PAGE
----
An improving business situation, combined with greater management acceptance of the value of IT, has resulted in increased confidence among European CIOs (chief information officers), IDC’s 2004 Systems Survey reports.
IDC surveyed 1,000 IT professionals responsible for their companies’ infrastructures in six countries in Europe and found that IT directors expressed a more positive outlook for their spending over the next 12 months – up an average of 2pc on last year. The survey found that confidence was greater amongst CIOs in smaller organisations than large organisations.
Of the six countries surveyed the UK, Germany, and Sweden were most positive about their investment prospects. France, Spain, and Italy were less positive.
Greater optimism was by tempered with uncertainty over which investments would produce the greatest benefit. Purchasers were ignorant or sceptical about the alleged benefits of some newer products and form factors. Blade servers, tablet PCs, and appliance servers were subject to this scepticism.
There were some interesting patterns of server operating system usage. Of new Linux servers purchased in 2003, 48pc were used for new application deployment, compared with about 31pc for both Windows and Unix.
Server consolidation remained an important trend, with 27pc of organizations, up from 20pc in 2003, currently operating a consolidation strategy or having proposed a strategy.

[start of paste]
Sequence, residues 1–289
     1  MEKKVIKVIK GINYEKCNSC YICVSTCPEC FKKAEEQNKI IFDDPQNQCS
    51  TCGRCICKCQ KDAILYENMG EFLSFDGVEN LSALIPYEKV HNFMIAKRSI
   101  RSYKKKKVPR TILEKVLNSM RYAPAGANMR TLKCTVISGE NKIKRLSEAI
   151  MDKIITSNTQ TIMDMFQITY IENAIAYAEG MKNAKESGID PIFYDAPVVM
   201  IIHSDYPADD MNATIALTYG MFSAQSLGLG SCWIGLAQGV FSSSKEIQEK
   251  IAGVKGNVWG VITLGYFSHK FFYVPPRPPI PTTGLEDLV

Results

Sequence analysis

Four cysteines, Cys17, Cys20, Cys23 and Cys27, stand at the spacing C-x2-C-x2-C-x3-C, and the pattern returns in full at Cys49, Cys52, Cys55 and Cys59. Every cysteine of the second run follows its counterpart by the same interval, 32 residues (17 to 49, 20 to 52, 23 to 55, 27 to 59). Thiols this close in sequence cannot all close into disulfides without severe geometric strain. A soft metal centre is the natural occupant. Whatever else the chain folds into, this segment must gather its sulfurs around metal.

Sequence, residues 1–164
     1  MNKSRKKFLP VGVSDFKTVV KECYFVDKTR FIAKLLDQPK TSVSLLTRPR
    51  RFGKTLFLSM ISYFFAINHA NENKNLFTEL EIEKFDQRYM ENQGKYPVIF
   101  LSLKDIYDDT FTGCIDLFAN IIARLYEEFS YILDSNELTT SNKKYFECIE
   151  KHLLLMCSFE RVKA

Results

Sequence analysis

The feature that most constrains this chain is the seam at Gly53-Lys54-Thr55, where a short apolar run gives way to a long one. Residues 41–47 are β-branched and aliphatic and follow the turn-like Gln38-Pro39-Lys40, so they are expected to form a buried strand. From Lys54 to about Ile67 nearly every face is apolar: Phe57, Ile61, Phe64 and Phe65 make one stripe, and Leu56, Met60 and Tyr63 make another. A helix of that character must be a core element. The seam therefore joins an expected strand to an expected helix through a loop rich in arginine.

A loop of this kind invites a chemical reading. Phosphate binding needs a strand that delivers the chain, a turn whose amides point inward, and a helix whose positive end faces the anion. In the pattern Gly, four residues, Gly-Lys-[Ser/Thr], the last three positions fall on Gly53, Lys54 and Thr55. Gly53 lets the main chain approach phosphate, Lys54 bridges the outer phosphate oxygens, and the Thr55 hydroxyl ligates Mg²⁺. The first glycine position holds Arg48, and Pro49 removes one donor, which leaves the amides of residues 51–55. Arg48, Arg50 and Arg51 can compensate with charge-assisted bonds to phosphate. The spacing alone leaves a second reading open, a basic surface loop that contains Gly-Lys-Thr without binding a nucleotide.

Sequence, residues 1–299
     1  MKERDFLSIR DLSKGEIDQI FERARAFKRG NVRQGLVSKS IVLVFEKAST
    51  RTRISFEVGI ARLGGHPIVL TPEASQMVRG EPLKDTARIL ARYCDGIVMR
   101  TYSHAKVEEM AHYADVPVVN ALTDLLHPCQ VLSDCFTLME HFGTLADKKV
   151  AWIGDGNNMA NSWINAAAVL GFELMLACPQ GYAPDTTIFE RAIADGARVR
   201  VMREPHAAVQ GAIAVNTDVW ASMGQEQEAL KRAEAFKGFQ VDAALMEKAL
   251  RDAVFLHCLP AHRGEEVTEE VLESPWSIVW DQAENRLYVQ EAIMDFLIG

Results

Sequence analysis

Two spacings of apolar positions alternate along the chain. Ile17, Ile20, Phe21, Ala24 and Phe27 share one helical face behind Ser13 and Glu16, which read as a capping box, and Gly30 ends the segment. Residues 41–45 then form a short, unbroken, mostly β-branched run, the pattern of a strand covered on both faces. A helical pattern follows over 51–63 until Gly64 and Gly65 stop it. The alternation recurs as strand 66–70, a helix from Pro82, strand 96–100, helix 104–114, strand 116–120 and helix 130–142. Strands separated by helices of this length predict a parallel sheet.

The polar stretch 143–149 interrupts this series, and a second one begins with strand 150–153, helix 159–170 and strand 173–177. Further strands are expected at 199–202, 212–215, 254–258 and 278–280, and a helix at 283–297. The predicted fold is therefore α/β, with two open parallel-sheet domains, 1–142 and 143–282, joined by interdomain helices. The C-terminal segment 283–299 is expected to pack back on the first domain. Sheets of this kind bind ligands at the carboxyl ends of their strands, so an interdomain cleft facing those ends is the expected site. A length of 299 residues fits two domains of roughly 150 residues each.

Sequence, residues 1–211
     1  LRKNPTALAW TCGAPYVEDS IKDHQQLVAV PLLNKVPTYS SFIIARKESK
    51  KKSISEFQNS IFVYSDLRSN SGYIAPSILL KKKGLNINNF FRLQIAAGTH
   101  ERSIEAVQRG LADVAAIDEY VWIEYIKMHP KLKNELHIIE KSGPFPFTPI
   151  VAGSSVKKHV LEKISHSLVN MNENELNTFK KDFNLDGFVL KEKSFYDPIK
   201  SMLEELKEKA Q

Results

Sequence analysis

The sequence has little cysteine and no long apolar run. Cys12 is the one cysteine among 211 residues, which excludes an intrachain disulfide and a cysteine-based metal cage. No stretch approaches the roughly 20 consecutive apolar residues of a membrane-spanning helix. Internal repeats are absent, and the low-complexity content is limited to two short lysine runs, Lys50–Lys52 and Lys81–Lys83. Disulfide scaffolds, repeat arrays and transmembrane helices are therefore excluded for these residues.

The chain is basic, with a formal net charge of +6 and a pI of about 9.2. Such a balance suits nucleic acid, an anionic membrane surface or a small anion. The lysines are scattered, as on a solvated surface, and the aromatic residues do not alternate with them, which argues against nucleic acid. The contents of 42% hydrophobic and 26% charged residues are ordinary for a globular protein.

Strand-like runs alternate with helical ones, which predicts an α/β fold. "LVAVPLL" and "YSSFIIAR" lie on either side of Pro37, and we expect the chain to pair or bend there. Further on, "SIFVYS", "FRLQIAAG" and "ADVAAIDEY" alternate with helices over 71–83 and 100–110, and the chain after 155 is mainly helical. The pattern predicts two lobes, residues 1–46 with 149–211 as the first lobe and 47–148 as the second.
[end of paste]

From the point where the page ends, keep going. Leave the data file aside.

Customers considered price, support, and trustworthiness to be the key criteria for selecting suppliers. Technology leadership, account management, and references were less important.
“This set of results confirms IDC’s long-standing view that 2004 should be a year of growth for computer systems in Europe,” said Chris Ingle, group consultant in IDC’s EMEA Systems Group. “The vendors that will be able to take advantage of this will be those that can convince customers that the many new technology propositions being brought to market have a place in an already complex IT infrastructure. As this survey shows, technology buyers are unconvinced by many propositions that are being promoted by vendors.”
Andrew Brown, manager of IDC’s Mobile Computing service, said: “While a significant proportion of technology buyers are aware of high-speed mobile data services, a much smaller proportion claim to understand 3G services. Even these customers are not keen to use the additional capacity of this technology to integrate with their corporate systems. If these technologies are to grow quickly they will need to demonstrate clear benefits to the corporate user of this technology, as well as the IT strategist.”
By John Kennedy